Business Models behind the solutions

To be able to commercialize the automated shuttle buses clear business models are needed. Currently, business models are not sufficiently taking into account different customer segments which means that all types of users are attempted to serve simultaneously. This is a limiting factor because different users have different needs and attitudes toward automated shuttles. Most of the pilots rely on subsidization which makes the financial feasibility questionable. At some point, a decision needs to be made on whether automated shuttles are considered services that are partly funded publicly or commercial services paid completely by the customer. More advanced business model development needs to be done and the view needs to be expanded from business models to business ecosystems. This allows examining the costs and benefits of automated shuttles to other actors in urban transport as well as to society and the environment.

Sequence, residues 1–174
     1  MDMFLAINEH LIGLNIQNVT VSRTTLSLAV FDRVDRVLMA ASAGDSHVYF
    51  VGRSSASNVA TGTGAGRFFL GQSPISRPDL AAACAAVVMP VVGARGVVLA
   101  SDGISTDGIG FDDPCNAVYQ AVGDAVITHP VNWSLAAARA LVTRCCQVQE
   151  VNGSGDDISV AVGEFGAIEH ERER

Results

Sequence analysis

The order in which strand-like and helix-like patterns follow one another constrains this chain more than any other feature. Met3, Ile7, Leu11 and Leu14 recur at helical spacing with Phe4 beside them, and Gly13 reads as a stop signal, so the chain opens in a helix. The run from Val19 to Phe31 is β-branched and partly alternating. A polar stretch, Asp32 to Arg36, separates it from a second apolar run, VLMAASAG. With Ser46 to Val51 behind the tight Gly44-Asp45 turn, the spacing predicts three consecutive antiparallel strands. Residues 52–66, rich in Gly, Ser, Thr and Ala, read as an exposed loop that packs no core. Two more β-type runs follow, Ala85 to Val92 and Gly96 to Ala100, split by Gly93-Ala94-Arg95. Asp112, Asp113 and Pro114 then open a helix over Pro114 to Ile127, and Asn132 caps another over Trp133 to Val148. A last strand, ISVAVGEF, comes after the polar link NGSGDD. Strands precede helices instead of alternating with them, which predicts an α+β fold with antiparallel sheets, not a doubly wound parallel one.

The implementation in the Real World raises questions and concerns

The leap to the deployment of automated shuttles into real-life transport systems is still in the distant future and many of the major challenges are not resolved or even addressed. The Digital and physical infrastructure of the urban transport system needs major changes. Standardization needs to be accelerated and minimal requirements for infrastructure need to be defined to respond to the needs of automated driving and autonomous vehicles. Extreme weather conditions and unexpected behavior of human drivers seems to be the major challenge in autonomous driving. These same issues exist in the present transport system and overcoming them is not impossible, automation might even be the solution.

The further the future of automated driving is speculated the harder the issues seem to evolve. Can autonomous vehicles operate in the same environment as human drivers or should they be kept separate? Could professional drivers operate in the same environment as autonomous vehicles? Who takes responsibility if and when an accident happens?

Valtteri Ahonen
Doctoral researcher